The goal of this grant is to develop CMV-vectored SIV and eventually HIV vaccines that are effective in
newborn infants. First-generation RhCMV-vectored SIV vaccines (RhCMV/SIV) are effective in adult animals
previously infected with wild-type RhCMV but do not protect newborn animals. Possible explanations for this
failure include (i) dramatically different function of the developing immune system of newborns and (ii) absence
of wild-type RhCMV and its transformative effects on immunity (>98% of newborn babies are CMV uninfected).
We demonstrated that a second-generation vaccine lacking the viral IL-10 gene (RhCMVdIL10/SIVgag) does
protect RhCMV-seronegative older infants (8-10 months). Protection via RhCMVdIL10/SIVgag is associated
with impressive transcriptomic changes similar to those reported for adult animals receiving RhCMV/SIV. Viral
IL-10 function is therefore an impediment to RhCMV/SIV efficacy, particularly in younger animals that may
have relatively greater function of tolerogenic, anti-inflammatory pathways.
Given our favorable results in older infants, it is likely that RhCMVdIL10/SIVgag is capable of priming similar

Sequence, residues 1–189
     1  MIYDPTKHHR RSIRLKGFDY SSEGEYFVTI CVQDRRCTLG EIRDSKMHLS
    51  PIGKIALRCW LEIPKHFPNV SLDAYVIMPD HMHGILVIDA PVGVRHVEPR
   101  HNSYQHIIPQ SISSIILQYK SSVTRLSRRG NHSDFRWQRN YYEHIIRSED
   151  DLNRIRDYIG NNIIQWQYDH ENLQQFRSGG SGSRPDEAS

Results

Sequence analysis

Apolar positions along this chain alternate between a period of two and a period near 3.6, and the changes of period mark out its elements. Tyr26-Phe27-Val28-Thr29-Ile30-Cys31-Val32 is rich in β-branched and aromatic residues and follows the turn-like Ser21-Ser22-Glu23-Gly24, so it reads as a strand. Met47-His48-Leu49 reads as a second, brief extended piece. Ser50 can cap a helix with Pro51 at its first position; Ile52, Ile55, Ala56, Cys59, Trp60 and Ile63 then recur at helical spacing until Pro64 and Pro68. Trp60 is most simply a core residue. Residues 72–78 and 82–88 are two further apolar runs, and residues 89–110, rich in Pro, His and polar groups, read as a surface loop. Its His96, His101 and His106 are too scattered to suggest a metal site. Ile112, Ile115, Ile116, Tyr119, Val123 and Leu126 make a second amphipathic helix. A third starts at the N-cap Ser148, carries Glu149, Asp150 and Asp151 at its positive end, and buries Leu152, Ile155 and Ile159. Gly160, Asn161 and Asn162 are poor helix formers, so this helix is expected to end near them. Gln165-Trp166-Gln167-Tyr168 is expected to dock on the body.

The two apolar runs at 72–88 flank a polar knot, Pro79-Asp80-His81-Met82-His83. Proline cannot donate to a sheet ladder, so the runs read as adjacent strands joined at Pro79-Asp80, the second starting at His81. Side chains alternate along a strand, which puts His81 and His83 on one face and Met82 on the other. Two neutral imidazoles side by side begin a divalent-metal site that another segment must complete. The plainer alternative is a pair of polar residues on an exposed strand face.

responses in newborns. To counter the possibility that newborn recipients may mount quantitatively lower T-
cell responses, we additionally developed an Ad26 vector that delivers SIVgag together with dominant-
negative IL-10 receptor. Delivery of antigen with dominant-negative receptor ensures that the relevant APCs,
i.e., those presenting antigen, are unaffected by ambient IL-10. This unique vaccine will be used as a boost.
We hypothesize that restrained IL-10 signaling in newborns vaccinated with RhCMVdIL10/SIV permits
development of high-frequency, fully functional T cells that are protective against SIV. If the hypothesis is
correct then this work will dramatically advance research into vaccination of newborns against HIV and other
diseases, simultaneously providing measures of the needed responses and new tools to stimulate them.
Aim 1: Test protective efficacy of viral IL-10-deficient RhCMV/SIV vaccines in newborn animals while
comprehensively profiling innate immune subsets. Our hypothesis predicts that the viral IL-10-deficient
vaccine, RhCMVdIL10/SIVgag, stimulates improved T-cell responses and significant protection in newborn
animals; furthermore, protection is associated with transcriptional changes concentrated in innate cells and
associated with improved T-cell function.
Aim 2: Determine if newborn immune responses to RhCMV/SIV can be boosted by Ad26-vectored
vaccines delivering vaccine antigen with or without dominant-negative IL-10 receptor. Adenovectors
stimulate strong responses acutely and have been shown to boost protective responses to CMV-vectored
vaccines. Here we test an Ad26-based booster vaccine that additionally inhibits IL-10 signaling in APCs to
evade regulatory responses that are particularly strong in newborns.